Pete Wargent blogspot

Co-founder & CEO of AllenWargent property buyer's agents, offices in Brisbane (Riverside) & Sydney (Martin Place), and CEO of WargentAdvisory (providing subscription analysis, reports & services to institutional clients).

5 x finance/investment author - 'Get a Financial Grip: a simple plan for financial freedom’ (2012) rated Top 10 finance books by Money Magazine & Dymocks.

"Unfortunately so much commentary is self-serving or sensationalist. Pete Wargent shines through with his clear, sober & dispassionate analysis of the housing market, which is so valuable. Pete drills into the facts & unlocks the details that others gloss over in their rush to get a headline. On housing Pete is a must read, must follow - he is one of the finest property analysts in Australia" - Stephen Koukoulas, MD of Market Economics, former Senior Economics Adviser to Prime Minister Gillard.

"Pete is one of Australia's brightest financial minds - a must-follow for articulate, accurate & in-depth analysis." - David Scutt, Business Insider, leading Australian market analyst.

"I've been investing for over 40 years & read nearly every investment book ever written yet I still learned new concepts in his books. Pete Wargent is one of Australia's finest young financial commentators." - Michael Yardney, Australia's leading property expert, Amazon #1 best-selling author.

"The most knowledgeable person on Aussie real estate markets - Pete's work is great, loads of good data and charts, the most comprehensive analyst I follow in Australia. If you follow Australia, follow Pete Wargent" - Jonathan Tepper, Variant Perception, Global Macroeconomic Research, and author of the New York Times bestsellers 'End Game' and 'Code Red'.

"The level of detail in Pete's work is superlative across all of Australia's housing markets" - Grant Williams, co-founder RealVision - where world class experts share their thoughts on economics & finance - & author of Things That Make You Go of the world's most popular & widely-read financial publications.

"Wargent is a bald-faced realty foghorn" - David Llewellyn-Smith, MacroBusiness.

Monday, 29 August 2016

Significant Investor Visa interest dampened

Lucky 888?

According to the Department of Immigration and Border Protection (DIBP) the significant investor visa (SIV) programme is designed to be:

"...a pathway to provide for significant migrant investment into Australia under the Business Innovation and Investment visa programme".

From the inception of the SIV programme in November 2012 until 30 June 2015 there had been some 2,573 applications lodged, but only 879 visas actually granted.

There can necessarily be a lag between application lodgement and visas being granted.

The service standard is 6 to 9 months for the Business Innovation and Investment category.

The latest available statistics from the DIBP showed that 495 of the outstanding applications lodged prior to 1 July 2015 have now been granted.

A further 20 applications lodged after 1 July 2015 have also been granted in the financial year to 31 May 2016.

This means that the May 2016 figures recorded a total of 515 SIVs issued for the 11 months for the financial year to date.

The geographically segmented figures show that high net worth applicants are overwhelmingly focused on Melbourne, and then Sydney...with daylight third. 

This reflects that Melbourne and to a somewhat lesser extent Sydney have been the two key destinations and markets of interest for Chinese investors since around 2012.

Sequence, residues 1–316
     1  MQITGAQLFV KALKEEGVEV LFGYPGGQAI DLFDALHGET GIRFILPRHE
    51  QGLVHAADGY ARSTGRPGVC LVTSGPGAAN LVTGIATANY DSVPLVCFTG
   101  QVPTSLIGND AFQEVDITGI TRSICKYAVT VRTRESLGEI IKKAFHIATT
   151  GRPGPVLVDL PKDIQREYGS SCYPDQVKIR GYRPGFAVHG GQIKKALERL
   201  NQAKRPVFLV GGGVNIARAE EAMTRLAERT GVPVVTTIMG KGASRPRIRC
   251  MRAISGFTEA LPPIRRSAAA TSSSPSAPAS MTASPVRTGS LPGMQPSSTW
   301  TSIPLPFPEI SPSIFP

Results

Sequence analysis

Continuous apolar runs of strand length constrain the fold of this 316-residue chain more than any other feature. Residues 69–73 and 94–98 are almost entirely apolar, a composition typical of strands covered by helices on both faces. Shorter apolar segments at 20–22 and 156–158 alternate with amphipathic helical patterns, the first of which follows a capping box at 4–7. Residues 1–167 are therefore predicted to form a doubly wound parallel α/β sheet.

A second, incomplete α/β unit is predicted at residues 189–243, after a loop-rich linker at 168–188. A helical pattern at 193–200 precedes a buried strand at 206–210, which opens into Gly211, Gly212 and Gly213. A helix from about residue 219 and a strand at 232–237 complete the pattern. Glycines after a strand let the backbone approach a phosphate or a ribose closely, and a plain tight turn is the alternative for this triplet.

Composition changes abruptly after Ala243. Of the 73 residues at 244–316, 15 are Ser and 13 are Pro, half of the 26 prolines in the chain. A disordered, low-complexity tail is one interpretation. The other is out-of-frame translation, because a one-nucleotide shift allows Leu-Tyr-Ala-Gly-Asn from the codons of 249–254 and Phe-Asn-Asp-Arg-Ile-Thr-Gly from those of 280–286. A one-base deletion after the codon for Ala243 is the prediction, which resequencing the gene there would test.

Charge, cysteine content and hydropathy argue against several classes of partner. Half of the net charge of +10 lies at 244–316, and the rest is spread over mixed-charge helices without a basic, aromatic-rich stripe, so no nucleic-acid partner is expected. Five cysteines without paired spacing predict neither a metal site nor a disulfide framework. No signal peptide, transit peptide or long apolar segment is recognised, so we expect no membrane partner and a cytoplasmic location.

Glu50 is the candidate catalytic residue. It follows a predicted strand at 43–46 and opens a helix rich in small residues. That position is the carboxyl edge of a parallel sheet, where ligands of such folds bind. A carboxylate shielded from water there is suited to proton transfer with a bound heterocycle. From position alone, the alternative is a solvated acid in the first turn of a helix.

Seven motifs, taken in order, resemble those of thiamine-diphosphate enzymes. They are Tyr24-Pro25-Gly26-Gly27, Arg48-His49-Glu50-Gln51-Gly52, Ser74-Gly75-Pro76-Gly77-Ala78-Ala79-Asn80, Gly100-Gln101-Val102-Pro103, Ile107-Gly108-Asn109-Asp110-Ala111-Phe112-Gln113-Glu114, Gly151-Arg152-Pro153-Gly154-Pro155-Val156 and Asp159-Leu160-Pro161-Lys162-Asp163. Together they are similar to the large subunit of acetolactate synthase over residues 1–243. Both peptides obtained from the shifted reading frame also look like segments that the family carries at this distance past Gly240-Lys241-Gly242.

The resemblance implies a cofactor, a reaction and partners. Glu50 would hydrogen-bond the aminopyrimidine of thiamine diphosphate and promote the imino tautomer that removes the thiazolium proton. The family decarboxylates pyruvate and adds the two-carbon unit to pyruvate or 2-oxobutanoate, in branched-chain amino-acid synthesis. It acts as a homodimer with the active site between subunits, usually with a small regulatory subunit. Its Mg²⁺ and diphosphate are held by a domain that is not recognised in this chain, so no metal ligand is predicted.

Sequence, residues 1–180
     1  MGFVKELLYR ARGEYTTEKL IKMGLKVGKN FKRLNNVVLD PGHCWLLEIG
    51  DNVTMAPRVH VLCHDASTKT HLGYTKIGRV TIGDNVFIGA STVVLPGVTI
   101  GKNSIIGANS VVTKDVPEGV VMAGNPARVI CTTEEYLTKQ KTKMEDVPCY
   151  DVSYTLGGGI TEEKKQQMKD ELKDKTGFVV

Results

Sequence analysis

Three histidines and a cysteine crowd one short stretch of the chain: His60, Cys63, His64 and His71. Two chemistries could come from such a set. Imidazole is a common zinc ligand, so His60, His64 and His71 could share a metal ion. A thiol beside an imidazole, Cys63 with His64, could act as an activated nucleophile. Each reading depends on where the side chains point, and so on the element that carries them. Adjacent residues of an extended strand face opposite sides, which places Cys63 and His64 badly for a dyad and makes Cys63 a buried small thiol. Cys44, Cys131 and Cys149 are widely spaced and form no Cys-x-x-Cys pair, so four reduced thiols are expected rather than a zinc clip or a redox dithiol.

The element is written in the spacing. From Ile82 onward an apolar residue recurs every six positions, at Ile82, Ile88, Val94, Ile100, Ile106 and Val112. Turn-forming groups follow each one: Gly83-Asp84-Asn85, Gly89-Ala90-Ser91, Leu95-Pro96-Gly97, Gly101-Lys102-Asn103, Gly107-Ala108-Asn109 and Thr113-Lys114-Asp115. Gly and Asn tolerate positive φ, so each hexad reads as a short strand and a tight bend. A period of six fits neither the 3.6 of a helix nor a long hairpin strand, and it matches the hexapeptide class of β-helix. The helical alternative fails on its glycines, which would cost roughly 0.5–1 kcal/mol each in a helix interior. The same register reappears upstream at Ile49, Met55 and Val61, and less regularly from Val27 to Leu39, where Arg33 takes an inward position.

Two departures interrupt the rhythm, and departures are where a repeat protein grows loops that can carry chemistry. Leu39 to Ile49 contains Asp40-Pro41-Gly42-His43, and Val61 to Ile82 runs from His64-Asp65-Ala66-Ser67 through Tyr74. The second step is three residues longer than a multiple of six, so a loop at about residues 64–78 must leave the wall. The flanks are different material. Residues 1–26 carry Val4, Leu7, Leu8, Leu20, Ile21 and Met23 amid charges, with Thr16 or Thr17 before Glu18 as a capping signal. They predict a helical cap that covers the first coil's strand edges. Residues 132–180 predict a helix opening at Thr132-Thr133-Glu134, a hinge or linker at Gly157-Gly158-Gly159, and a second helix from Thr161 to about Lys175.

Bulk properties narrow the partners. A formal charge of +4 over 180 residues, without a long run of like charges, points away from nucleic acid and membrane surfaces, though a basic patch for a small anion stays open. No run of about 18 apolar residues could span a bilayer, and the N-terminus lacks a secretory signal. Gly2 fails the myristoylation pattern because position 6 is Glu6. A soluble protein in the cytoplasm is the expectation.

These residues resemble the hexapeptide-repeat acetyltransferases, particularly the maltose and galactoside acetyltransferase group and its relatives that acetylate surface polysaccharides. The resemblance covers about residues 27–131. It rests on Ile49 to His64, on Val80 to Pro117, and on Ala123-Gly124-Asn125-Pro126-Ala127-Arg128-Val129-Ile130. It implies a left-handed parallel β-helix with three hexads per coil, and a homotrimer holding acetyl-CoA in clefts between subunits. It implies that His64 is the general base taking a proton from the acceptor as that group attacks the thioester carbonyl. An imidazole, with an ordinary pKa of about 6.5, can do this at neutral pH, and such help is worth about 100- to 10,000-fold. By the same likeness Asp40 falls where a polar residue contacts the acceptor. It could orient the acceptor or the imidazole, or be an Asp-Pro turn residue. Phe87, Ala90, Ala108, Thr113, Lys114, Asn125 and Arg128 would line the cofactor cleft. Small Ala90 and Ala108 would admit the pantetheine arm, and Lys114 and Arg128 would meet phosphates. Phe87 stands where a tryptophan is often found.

Indeed, the Foreign Investment Review Board (FIRB) Annual Report showed that real estate applications tripled in two years, driven overwhelmingly by a deluge of Chinese investors into Victoria, New South Wales, and Queensland. 

The DIBP statistics for the top five source countries correspondingly show that more than 90 per cent of applicants for SIVs have also been Chinese. 

The wrap

Since the commencement of the significant investor visa programme in 2012 there have now been a total of 1,397 SIVs granted, leading to just a shade under A$7 billion of investment in complying assets.

It's difficult to say what the expected take-up for the SIV ever really was, but fewer than 1,400 visas sounds suspiciously like a fizzer of an initiative to me (albeit the composition and destination of applicants says something of note about where capital invested in Australia is coming from and where it is headed to).

Previously SIV investors were opting to drop money into passive investments such as qualifying government bonds and residential real estate schemes - not really what Australia needs more of, tbh! - which led to a much-needed reassessment of the requirements for complying investments.

Unfortunately interest in SIVs has been dampened since, following consultation with stakeholders, the rules were amended to require a greater share of the $5 million required investment to hit up venture capital products (at least 10 per cent) and emerging companies (minimum 30 per cent), investments that are typically associated with a higher risk of loss, whether perceived or real.

Source: DIBP

The most timely available statistics for expressions of interest, invitations, and applications lodged suggest only a modest ongoing flow of interest in the SIV.

Requiring wealthy Chinese with A$5 million to invest in venture capital projects and emerging companies is a fabulous idea...on paper.

In reality, however, this may be too ambitious and result in the killing off of SIV applications given that wealthy foreigners are unlikely to be familiar with the products and ventures in question, and therefore remain understandably reluctant to commit.

It wouldn't be a surprise to see the rules amended again or relaxed to allow Chinese investors to provide project funding (not passive investment) for residential and commercial real estate developments, or for infrastructure projects.